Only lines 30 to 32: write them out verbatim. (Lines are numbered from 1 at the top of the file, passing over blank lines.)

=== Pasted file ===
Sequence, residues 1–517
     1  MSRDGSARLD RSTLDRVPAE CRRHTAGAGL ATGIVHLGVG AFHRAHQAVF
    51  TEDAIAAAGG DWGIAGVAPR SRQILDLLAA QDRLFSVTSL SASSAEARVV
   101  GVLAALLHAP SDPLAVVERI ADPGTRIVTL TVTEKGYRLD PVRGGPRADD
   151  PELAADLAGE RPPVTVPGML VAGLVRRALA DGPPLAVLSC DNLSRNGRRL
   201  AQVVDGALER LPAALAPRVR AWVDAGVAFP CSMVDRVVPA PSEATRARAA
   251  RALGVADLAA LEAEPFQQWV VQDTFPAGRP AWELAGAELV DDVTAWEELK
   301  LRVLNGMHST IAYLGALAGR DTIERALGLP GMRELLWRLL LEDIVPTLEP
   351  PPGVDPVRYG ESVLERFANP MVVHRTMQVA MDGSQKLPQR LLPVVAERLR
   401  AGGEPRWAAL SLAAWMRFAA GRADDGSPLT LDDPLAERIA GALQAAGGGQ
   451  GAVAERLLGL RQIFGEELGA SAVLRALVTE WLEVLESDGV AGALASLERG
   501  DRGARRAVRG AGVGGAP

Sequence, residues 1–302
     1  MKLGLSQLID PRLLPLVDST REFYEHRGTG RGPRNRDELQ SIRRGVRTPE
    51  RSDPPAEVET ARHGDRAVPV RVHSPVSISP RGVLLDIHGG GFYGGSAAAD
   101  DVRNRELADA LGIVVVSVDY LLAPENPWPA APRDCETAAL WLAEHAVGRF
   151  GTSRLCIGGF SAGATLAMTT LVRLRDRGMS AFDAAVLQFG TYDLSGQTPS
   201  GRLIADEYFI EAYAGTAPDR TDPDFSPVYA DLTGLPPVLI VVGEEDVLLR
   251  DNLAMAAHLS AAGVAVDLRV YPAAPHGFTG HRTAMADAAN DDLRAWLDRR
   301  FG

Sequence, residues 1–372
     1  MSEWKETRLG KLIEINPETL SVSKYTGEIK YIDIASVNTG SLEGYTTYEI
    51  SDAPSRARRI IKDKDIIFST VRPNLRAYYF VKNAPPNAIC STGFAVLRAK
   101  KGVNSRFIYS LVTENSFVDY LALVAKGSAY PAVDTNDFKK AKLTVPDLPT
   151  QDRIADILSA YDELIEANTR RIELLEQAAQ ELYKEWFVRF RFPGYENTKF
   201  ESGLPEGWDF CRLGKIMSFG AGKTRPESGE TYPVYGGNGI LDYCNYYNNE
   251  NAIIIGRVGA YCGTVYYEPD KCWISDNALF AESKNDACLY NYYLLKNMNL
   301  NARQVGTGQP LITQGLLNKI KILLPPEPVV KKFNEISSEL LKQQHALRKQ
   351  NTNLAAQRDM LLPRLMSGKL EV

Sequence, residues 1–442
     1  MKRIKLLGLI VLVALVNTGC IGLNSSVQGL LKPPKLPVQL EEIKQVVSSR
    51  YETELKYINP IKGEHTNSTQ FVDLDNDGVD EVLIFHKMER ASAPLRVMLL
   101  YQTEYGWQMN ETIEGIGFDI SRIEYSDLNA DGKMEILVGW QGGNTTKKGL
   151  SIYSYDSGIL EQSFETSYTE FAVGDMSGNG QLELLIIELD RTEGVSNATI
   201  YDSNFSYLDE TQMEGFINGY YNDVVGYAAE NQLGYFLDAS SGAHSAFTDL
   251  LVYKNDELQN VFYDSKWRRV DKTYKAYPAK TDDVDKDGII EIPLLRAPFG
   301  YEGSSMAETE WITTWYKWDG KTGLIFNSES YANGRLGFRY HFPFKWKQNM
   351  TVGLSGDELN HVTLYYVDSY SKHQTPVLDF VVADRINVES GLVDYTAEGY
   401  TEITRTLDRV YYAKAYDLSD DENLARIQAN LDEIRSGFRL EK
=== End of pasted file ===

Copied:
Sequence, residues 1–442
     1  MKRIKLLGLI VLVALVNTGC IGLNSSVQGL LKPPKLPVQL EEIKQVVSSR
    51  YETELKYINP IKGEHTNSTQ FVDLDNDGVD EVLIFHKMER ASAPLRVMLL